San Sebastián is the first major stop along the Camino de Santiago in Spain, with many hikers plying the excellent coastal paths in either direction. A popular 7.7km jaunt from San Sebastián winds eastward over the clifftops and drops down into Pasaia, where the Albaola Foundation runs the Itsas Kultur Faktoria, exploring the region’s history of whale hunting. The undoubted highlight here, however, is the full-scale replica of the San Juan ship being built using the traditional, 16th-century shipbuilding techniques used in the construction of the original galleon, which sunk off the Newfoundland coast in 1565.

Where to stay

Hotel Maria Cristina

Expect pin-sharp service in the palatial Hotel Maria Cristina

Perhaps the finest example of Belle Epoque architecture in the city is the five-star Hotel Maria Cristina, built in 1912 at the height of the city’s early popularity. The hotel, built by the French architect Charles Mewes, is named after the former Spanish Queen Regent. It is neatly sited a few minutes from La Concha Beach, and the Old Town and Gros neighbourhoods. The building contains a gourmet food shop and Mimo, which runs cooking classes on pintxos-making, as well as Basque and Spanish cuisine.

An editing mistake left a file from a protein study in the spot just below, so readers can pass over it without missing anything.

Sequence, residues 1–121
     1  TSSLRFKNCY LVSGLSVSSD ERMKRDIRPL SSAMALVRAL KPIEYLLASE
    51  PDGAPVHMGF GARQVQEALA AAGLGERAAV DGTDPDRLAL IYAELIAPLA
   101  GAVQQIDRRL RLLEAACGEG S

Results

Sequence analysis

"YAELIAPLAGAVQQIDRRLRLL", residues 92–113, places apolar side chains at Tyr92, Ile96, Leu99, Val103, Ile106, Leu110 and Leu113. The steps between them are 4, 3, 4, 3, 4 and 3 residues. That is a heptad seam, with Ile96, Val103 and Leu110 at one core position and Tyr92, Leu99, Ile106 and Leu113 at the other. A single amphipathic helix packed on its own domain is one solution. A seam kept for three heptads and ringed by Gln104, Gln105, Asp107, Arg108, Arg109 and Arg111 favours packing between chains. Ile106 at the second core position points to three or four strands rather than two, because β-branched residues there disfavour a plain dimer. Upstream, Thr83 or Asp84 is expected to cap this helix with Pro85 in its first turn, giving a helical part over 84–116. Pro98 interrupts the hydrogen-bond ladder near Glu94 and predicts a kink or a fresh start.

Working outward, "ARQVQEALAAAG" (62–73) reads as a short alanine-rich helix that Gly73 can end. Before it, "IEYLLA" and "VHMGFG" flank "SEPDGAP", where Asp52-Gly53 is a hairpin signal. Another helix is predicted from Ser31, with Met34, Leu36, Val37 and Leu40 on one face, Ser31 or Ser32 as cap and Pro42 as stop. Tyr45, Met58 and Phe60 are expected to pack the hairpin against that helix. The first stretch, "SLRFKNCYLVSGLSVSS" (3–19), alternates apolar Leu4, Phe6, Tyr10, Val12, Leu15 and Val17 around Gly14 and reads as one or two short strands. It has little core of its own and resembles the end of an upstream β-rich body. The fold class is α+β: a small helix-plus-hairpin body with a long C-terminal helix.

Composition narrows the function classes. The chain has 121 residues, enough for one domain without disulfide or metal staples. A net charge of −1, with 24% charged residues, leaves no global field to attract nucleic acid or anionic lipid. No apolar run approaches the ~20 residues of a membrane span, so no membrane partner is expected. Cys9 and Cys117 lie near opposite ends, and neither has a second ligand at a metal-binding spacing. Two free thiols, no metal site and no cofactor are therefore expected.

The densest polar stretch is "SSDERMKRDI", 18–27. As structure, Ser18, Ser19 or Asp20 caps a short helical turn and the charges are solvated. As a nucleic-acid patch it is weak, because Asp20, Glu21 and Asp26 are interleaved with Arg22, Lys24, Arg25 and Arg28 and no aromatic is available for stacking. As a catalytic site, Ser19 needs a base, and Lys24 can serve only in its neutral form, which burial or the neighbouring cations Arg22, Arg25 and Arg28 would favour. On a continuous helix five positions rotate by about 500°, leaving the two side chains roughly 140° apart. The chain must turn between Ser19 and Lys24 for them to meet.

Hotel de Londres

Perched above La Concha Beach, Hotel de Londres, built in the 19th century, is one of the city’s first stately hotels. The best rooms are those with sea views and little balconies fronting the elegantly furnished spaces. Some even have hot tubs with a view of the shoreline. Hotel guests receive discounted visits to La Perla Thalasso spa.

Surfing Etxea

One of the handful of surf hostels in San Sebastián’s Gros neighbourhood, Surfing Etxea is a modern space with ample lockable storage in four- or eight-bed dorm rooms. The shared lounge, terrace and in-house bar make it a good place to meet fellow travellers, not all of whom are here for the surfing. However, if you are here to tame the waves, classes for all abilities are bookable via the hostel reception.

Where to eat


The humble Spanish tapas gets a decadent makeover in the Basque Country in the form of pintxos. They are often small enough to polish off in a few bites but surprisingly complex when it comes to flavour, ingredients and construction. Even more confounding is the general level of quality wherever you go. This is largely due to the exacting standards of locals, whose custom keeps establishments afloat outside of the main tourism season; places that do not pass muster tend not to last very long.

There’s no shortage of pintxos in San Sebastian